Mayor’s office launches new plan to fix city infrastructure


Cristian Orellana

A catch basin on St. Charles Ave. near campus sits next to still water. Mayor Cantrell looks to New Orleans communities to help clean the catch basins. Photo credit: Cristian Orellana

John Casey

In the peak of hurricane season, flooding in New Orleans can become dangerous. As the city struggles to mobilize resources, efforts to solve the problem have fallen to the New Orleans community.

Mayor LaToya Cantrell took to Twitter earlier this month to announce the launch of the Catch Basin Pilot Program, a new public works program intended to involve the community in an effort to clean up the streets and aid the city in repairing infrastructure problems.

Kelly Whitaker, Loyola law student and president of the Loyola Environmental Law Society, took immediate notice of a new city-wide program aimed at alleviating the failing city infrastructure and encouraged her organization to take part on Sept. 14.

“We should applaud local governments when they implement creative solutions to problems they have been unable to solve in a more streamline manner,” said Whitaker. “Being a member of a strong community means participating in activities that benefit that community if you are capable.”

The launch of the program comes in wake of National Preparedness Month and the launch of CleanUpNOLA, a Cantrell-led initiative to use multiple city departments and community involvement to repair 12 major corridors across the city.

“Working with all of these participating departments as well as the community, the program will confront and transform the culture of littering in our city,” said Cantrell in a statement released.

The Catch Basin Pilot Program was launched online earlier this month. The website allows members of the community to go online and adopt catch basins. By adopting the catch basin, community members are asked to consistently monitor the status of the basin and report via an interactive map of the city.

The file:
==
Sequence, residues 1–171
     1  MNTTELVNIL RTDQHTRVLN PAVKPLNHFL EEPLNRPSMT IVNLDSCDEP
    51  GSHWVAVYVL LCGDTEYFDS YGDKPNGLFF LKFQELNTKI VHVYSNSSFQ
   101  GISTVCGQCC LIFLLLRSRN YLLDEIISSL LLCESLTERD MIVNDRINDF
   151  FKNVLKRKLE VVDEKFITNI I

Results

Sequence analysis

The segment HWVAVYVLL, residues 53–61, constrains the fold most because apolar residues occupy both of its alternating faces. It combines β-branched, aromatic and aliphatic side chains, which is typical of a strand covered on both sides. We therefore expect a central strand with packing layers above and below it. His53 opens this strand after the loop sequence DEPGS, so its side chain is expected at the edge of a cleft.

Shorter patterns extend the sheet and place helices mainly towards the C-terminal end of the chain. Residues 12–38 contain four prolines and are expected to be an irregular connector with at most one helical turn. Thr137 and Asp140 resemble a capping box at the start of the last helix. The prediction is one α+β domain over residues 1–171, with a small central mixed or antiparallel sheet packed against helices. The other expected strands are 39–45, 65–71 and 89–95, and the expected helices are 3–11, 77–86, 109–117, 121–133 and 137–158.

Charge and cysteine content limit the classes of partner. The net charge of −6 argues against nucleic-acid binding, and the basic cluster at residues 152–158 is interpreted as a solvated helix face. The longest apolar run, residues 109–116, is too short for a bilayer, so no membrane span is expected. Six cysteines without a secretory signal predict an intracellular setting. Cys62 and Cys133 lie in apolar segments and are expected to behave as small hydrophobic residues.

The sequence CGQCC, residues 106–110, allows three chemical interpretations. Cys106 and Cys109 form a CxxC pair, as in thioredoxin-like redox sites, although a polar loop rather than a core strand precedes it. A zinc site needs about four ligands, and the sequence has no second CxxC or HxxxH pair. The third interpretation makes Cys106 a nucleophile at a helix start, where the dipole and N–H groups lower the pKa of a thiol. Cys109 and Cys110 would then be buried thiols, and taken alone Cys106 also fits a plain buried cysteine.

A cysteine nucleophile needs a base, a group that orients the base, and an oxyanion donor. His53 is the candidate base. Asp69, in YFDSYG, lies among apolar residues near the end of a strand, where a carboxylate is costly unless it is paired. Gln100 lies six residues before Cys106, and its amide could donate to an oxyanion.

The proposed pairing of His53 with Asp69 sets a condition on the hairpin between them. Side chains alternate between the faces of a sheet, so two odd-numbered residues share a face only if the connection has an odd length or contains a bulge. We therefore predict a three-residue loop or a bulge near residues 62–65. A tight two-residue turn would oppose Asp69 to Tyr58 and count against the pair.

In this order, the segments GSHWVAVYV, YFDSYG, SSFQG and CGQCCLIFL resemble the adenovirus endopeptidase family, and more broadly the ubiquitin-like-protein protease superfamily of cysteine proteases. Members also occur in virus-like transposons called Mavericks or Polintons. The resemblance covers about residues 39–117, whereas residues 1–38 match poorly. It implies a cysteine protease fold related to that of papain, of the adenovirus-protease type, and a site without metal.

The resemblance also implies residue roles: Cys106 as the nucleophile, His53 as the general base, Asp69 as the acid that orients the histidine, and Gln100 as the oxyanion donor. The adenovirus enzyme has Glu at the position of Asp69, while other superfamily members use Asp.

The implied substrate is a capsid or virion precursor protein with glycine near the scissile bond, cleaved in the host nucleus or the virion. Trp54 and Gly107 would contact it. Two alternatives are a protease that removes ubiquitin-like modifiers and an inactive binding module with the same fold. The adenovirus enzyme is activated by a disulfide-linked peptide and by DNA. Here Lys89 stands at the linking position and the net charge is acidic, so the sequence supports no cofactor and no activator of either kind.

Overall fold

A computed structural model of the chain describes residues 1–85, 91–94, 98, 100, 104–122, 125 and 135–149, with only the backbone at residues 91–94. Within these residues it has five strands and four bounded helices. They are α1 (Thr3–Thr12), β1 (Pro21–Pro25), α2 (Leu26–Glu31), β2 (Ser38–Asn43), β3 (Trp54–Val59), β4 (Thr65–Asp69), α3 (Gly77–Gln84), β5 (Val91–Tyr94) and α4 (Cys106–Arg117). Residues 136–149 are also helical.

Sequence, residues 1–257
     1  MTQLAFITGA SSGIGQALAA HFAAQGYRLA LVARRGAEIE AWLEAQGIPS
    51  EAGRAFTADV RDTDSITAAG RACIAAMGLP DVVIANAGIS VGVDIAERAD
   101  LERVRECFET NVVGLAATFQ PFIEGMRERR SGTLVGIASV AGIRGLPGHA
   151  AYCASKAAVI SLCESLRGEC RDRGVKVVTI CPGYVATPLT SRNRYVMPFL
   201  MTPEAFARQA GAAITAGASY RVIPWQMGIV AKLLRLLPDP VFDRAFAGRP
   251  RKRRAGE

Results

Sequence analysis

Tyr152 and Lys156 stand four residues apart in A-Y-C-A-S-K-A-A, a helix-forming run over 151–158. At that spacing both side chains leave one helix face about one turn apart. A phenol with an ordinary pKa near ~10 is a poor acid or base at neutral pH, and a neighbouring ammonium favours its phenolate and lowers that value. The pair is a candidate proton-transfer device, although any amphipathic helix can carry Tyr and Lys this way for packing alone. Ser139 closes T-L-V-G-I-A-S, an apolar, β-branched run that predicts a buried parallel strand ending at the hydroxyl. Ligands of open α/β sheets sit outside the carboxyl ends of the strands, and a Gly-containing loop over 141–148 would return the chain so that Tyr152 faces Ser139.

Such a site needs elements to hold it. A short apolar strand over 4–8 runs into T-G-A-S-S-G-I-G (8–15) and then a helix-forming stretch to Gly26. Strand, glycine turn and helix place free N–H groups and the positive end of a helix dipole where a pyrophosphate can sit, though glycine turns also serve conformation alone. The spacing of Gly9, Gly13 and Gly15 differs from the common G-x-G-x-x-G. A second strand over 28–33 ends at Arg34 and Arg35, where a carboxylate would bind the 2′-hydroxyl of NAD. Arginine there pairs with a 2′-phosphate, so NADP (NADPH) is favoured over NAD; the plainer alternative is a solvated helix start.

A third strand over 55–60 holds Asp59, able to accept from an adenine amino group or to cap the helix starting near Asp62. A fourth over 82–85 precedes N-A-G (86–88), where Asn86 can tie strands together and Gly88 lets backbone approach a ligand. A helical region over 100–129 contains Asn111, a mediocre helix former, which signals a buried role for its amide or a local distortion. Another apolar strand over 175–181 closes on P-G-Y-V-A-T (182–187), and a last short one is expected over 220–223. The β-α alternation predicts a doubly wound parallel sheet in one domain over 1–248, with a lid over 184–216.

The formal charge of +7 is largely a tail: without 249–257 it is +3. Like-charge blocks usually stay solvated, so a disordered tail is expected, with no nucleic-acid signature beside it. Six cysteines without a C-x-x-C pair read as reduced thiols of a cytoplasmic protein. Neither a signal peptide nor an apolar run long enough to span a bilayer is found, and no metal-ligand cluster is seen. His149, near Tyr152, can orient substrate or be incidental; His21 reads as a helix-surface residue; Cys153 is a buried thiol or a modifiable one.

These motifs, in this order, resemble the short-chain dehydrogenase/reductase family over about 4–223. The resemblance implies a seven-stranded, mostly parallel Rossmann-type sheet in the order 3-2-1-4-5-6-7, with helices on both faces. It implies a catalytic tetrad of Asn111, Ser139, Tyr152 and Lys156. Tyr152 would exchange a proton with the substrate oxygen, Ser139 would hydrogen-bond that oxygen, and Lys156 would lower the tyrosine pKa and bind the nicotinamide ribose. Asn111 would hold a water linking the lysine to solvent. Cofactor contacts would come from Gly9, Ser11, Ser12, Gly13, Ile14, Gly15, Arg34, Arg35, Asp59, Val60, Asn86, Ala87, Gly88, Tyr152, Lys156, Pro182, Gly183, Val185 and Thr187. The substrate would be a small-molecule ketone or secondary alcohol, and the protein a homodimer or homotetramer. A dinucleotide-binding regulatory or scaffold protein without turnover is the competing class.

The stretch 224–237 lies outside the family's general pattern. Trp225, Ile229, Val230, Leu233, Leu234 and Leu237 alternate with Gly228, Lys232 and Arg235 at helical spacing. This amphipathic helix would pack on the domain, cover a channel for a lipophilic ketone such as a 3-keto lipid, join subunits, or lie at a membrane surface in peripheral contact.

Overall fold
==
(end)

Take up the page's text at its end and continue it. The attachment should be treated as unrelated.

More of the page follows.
There are 68,092 catch basins in the city of New Orleans, according to the city Department of Public Works. The city budget only allows for 3,500 basins to be cleaned each year.

Whitaker is confident that the new program can help assist against flooding, but doesn’t believe it is the city’s big answer to infrastructure problems. More importantly, it provides community members a way to help out with an issue that has constantly plagued the city.

“The reality is climate change are producing storms that are bigger and more frequent. This program does nothing to alleviate that. In stronger terms, it is a band-aid. However, for our citizens who have experienced being trapped at work or lost their home due to flooding from even a minor storm, this program can help immensely,” said Whitaker.

The city has always encouraged community involvement in an effort to clean catch basins, having previously hosted dozens of catch basin cleaning events. However, this new pilot program hopes to reach directly to individuals and groups in the city community and encourages their regular involvement in maintaining city infrastructure.

Catch basins are typically associated with failing infrastructure and flooding, but few people are aware of the environmental health hazards that they can pose.

“When trash enters our catch basin, it causes damage to the health of our water, in turn affecting the health of us and our marine life. Last year, 93,000 pounds of Mardi Gras beads were found in the basins, along with tons of other trash,” said Whitaker. “What this program is really about is holding ourselves accountable and answering the call to assist others to maintain the integrity of our water.”